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Gadwall

Anas strepera

Description:

The Gadwall is 46–56 cm (18–22 in) long with a 78–90 cm (31–35 in) wingspan.[2] The male is slightly larger than the female, weighing on average 990 g (35 oz) against her 850 g (30 oz).[3] The breeding male is patterned grey, with a black rear end, light chestnut wings, and a brilliant white speculum, obvious in flight or at rest.[4] In non-breeding (eclipse) plumage, the drake looks more like the female, but retains the male wing pattern, and is usually greyer above and has less orange on the bill.[3] The female is light brown, with plumage much like a female Mallard. It can be distinguished from that species by the dark orange-edged bill, smaller size, the white speculum, and white belly.[4] Both sexes go through two moults annually, following a juvenile moult.[2] The Gadwall is a quieter duck, except during its courtship display. Females give a call similar to the quack of a female Mallard but higher-pitched, transcribed as gag-ag-ag-ag. Males give a grunt, transcribed as nheck, and a whistle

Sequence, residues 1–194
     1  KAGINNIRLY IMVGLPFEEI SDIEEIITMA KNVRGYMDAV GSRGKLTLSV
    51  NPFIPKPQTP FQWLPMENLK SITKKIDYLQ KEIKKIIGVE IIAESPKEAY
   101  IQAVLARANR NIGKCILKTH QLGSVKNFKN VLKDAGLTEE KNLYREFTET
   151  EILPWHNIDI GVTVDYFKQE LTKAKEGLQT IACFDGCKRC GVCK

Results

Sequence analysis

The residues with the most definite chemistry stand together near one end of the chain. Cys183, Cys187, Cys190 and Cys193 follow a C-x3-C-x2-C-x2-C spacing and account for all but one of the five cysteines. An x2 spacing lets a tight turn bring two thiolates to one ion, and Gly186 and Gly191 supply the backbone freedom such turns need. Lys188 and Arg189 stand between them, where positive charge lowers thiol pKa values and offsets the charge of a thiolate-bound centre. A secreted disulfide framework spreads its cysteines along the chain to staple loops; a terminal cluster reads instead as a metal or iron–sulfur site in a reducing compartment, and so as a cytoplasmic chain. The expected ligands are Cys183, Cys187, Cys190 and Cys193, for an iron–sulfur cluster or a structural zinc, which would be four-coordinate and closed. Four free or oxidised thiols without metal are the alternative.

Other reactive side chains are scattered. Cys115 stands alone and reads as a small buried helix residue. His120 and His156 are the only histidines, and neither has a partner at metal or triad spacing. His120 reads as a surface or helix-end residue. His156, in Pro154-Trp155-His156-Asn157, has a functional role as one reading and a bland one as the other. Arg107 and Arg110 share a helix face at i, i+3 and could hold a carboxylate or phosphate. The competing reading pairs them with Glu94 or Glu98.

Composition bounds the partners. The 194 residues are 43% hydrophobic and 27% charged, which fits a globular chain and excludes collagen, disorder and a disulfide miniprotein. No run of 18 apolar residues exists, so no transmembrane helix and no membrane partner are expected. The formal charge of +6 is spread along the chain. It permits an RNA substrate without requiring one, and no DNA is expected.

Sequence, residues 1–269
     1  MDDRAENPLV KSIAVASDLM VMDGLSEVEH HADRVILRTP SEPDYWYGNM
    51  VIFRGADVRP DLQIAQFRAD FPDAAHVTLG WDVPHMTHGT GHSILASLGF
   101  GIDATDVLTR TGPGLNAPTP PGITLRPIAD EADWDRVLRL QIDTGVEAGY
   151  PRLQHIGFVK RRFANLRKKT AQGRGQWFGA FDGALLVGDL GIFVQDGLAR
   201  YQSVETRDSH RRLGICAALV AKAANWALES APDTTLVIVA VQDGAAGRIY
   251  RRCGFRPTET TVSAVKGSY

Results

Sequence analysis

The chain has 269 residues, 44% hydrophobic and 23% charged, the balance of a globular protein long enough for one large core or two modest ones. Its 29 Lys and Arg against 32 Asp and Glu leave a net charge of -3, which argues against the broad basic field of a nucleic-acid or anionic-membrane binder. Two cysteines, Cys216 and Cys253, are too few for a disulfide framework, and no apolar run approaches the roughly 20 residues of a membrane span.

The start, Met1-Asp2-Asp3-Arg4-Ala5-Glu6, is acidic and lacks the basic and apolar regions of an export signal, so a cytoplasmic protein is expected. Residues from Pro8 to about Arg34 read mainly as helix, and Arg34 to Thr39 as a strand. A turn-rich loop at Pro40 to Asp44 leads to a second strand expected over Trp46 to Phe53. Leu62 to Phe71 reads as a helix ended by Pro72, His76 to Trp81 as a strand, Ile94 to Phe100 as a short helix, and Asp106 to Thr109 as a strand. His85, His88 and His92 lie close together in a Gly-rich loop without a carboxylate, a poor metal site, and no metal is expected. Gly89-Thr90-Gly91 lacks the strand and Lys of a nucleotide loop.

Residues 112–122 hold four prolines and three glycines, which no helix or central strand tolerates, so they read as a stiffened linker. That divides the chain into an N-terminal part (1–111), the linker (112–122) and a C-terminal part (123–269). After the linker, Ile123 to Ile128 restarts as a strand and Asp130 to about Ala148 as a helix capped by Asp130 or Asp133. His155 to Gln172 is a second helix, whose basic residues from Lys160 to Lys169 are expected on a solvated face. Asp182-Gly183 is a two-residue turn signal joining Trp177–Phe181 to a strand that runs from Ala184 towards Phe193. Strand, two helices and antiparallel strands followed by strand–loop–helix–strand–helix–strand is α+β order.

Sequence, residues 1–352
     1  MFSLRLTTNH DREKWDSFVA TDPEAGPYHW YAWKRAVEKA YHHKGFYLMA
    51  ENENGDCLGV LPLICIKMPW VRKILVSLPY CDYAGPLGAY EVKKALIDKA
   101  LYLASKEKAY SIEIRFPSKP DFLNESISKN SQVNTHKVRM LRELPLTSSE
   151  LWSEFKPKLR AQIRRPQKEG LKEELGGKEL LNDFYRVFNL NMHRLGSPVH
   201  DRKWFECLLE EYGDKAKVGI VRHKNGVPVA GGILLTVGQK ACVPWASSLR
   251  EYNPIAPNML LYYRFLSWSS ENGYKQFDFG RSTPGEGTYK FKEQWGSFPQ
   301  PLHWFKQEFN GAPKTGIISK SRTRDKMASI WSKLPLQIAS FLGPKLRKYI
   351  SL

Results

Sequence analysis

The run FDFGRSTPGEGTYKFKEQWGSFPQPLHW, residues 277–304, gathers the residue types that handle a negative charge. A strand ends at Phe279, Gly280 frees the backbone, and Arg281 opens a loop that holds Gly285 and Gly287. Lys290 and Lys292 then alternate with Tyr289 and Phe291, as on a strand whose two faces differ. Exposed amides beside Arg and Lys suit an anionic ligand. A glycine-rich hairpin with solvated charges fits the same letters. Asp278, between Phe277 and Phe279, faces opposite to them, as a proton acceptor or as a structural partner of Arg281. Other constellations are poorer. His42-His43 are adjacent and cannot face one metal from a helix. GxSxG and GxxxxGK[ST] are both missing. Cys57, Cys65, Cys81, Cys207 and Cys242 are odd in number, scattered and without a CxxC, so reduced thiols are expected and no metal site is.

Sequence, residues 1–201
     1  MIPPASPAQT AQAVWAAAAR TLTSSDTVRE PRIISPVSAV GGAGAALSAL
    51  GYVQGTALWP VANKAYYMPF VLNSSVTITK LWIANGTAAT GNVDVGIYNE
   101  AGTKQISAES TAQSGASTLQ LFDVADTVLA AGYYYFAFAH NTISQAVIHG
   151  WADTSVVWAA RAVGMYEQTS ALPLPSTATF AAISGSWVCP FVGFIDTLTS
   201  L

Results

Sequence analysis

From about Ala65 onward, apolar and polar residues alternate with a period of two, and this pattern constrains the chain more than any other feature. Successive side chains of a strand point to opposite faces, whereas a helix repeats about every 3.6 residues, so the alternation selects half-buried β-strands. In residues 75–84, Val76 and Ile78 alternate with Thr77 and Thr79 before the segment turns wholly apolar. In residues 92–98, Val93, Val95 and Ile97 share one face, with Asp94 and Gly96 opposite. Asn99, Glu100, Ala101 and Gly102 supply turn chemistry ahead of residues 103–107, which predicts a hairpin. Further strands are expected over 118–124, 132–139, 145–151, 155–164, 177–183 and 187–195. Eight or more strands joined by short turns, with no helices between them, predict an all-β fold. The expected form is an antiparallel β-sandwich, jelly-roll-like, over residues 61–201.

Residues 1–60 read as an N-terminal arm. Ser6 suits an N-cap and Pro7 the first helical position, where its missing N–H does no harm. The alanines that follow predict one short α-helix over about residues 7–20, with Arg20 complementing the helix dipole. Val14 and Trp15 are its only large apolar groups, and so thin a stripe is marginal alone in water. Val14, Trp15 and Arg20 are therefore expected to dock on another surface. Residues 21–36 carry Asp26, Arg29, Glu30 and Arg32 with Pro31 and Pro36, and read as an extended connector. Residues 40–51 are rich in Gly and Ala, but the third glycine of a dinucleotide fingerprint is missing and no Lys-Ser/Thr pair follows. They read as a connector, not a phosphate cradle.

Habitat:

wastewater treatment pond

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DonnaPomeroy
Spotted by
DonnaPomeroy

San Mateo, California, USA

Spotted on Jul 21, 2012
Submitted on Aug 2, 2012

Reference

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